This is not the best of the Punisher movies, though it is the closest to the story as presented in the comics. For one thing, Frank Castle is an ex-Marine and not a cop as in the other movies. The main villain is Jigsaw, a comic-book character who tangled with several other Marvel superheroes, including Spider-Man. In fact, Thomas Jane passed up the chance to reprise his Castle role because the script was too comic-book-like and not enough of a police procedural for his taste. War-Zone has been marketed as a sequel to The Punisher, but it is not. It was originally supposed to be, but when Jane declined to star, the script was rewritten to conform even more closely to its comic-book origins--mostly Punisher Volume 6. It was directed by Lexi Alexander, whose credits are mostly in TV, but she was a karate and kick-boxing champion, which I'm sure had an influence. It was produced, like the previous Punisher film, by Gale Anne Hurd of Terminator and Aliens fame.
In the opening scene, there is a big fancy dinner at the Russoti mob's mansion. The Punisher Frank Castle (Ray Stevenson) literally drops in unannounced and kills nearly everyone in spectacular fashion. He does not say a word for the first 35 minutes of the movie. The cops on stakeout outside let him go in pursuit of those who have escaped, which includes Billy Russoti (Dominic West) the main baddie, and he follows them to a recycling plant and shoots his way in. One of those he kills is actually undercover FBI Agent Donatelli. Billy Rusotti is tossed into a glass-crusher and Castle leaves, returning to brood in his lair in the subway, which is supposed to be in New York, but is actually the Montreal Metro.
Billy, who is early on established as extremely vain (He is always looking at himself in the mirror) , is pulled barely alive from the glass crusher, but his face is destroyed. A plastic surgeon does his best to patch him up, but he looks like a jigsaw puzzle, so in comic-book fashion he re-names himself Jigsaw and shoots his doctor. Then he breaks his brother Loony Bin Jim (Doug Hutchison) out of the asylum to help him get revenge.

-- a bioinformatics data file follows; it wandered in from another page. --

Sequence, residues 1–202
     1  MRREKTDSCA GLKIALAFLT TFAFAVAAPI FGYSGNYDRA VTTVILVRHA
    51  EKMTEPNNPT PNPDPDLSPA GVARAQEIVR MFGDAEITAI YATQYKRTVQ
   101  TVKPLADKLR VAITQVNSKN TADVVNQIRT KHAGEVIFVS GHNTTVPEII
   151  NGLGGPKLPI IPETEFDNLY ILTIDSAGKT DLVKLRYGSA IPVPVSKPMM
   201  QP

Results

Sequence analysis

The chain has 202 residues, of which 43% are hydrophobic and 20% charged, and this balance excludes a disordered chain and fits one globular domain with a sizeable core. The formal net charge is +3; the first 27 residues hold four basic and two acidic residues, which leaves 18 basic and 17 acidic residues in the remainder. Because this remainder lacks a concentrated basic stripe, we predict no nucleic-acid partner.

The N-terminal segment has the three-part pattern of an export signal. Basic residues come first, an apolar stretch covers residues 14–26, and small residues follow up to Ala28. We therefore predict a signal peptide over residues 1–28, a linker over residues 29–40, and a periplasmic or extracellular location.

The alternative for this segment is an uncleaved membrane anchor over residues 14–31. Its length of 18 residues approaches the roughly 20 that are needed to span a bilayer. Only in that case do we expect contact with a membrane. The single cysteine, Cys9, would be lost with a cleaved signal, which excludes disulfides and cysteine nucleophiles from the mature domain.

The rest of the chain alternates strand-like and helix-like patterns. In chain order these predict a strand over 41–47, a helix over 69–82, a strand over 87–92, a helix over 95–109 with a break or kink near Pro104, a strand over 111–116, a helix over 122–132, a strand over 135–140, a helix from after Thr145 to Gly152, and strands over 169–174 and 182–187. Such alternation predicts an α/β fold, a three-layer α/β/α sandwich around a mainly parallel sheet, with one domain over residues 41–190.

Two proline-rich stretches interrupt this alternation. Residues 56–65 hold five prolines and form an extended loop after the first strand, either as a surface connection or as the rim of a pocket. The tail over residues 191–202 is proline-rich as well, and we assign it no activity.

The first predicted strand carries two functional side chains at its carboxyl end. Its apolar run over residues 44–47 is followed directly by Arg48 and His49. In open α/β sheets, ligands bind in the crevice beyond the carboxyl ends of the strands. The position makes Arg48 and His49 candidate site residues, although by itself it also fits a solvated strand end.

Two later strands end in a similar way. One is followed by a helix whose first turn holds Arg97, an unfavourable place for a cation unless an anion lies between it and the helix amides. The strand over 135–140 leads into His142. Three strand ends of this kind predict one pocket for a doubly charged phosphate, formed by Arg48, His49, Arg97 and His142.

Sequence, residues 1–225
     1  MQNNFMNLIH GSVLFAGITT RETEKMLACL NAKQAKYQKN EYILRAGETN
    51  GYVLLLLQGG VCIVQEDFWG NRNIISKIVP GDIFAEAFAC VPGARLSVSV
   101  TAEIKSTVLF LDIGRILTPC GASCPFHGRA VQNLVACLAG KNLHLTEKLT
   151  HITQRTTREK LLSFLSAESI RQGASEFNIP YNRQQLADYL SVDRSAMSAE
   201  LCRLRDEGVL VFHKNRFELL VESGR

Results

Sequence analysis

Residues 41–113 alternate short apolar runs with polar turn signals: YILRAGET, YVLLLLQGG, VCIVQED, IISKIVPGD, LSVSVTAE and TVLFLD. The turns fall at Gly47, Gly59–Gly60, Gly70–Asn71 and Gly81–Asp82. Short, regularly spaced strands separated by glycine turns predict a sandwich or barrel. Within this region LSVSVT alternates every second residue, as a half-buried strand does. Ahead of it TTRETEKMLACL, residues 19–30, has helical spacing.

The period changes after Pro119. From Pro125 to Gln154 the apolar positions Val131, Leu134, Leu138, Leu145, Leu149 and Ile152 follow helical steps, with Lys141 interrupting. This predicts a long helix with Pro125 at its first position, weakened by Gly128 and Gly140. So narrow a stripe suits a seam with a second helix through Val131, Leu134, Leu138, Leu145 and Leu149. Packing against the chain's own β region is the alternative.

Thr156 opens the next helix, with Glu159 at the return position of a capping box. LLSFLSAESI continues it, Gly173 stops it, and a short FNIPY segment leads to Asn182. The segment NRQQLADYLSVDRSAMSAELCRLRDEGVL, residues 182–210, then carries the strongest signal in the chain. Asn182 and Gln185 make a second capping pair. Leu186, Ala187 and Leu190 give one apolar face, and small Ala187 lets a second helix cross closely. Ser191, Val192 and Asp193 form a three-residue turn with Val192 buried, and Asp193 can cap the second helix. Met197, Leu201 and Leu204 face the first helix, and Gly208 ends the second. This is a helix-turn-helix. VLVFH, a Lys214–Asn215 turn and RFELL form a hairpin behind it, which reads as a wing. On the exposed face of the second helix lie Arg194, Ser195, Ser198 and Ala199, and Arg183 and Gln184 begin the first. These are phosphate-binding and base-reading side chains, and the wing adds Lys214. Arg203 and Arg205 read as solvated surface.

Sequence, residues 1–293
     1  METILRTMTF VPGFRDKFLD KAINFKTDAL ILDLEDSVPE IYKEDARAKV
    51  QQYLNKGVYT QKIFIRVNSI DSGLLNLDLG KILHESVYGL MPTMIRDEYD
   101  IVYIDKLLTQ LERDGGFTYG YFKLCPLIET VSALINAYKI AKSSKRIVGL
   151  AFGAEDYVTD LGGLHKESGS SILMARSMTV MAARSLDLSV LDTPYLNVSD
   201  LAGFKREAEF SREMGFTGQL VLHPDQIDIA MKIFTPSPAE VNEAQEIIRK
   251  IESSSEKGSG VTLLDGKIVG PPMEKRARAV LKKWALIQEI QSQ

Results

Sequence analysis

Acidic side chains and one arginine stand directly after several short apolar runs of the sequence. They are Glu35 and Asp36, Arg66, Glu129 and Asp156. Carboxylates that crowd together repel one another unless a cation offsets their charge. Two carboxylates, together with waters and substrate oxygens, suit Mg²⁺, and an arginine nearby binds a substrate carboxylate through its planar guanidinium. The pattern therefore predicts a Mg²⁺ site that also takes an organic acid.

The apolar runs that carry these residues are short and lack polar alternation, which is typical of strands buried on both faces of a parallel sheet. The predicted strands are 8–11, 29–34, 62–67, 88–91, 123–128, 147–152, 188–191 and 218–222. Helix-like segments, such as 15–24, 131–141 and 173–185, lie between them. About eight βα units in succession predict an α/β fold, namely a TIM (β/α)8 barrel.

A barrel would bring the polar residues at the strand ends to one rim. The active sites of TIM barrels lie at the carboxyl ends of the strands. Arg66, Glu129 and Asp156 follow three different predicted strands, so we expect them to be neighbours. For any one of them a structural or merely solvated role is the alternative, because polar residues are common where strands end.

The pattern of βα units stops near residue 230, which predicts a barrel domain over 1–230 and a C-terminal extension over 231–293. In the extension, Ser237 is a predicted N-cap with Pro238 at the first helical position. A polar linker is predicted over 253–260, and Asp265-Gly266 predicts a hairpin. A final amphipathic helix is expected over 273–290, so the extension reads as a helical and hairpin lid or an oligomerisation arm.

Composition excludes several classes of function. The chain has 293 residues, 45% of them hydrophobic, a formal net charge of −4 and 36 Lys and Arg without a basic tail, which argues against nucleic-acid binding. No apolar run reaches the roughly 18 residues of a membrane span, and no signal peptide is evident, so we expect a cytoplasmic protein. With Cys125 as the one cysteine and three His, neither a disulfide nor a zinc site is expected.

Castle watches Agent Donatelli's funeral from afar, then visits the graves of his own murdered family. Also attending is FBI Agent Paul Budiansky (Colin Salmon) who wants castle to pay for killing Donatelli, but secretly blames himself for Donatelli being there in the first place, so there are bitter enemies who actually share the same deep feelings, and the audience knows damn well they will team up eventually.
Castle visits Donatelli's family--wife Angela (Julie Benz) and daughter Grace (Stephanie Janusauskas). He wants to help and tries to leave them money, but he is rebuffed at gunpoint in a powerful scene. He wants to quit the whole vengeance business but learns from his tech-wizard friend Micro (Wayne Knight) that Rusotti is actually alive and will surely come after Angela and Grace. Eventually, of course, they and Micro are taken hostage and Castle has to fight a virtual army of gangsters in an abandoned hotel in an attempt to rescue them and take out Jigsaw.
What we have here is not a series, but three different takes on the same story with three different actors playing the same protagonist. All are chock full of action and violence and do their best to make the Punisher human despite his twisted soul, with tender moments between the bloodshed. I believe the 2004 offering succeeds, and the 2008 offering comes in second.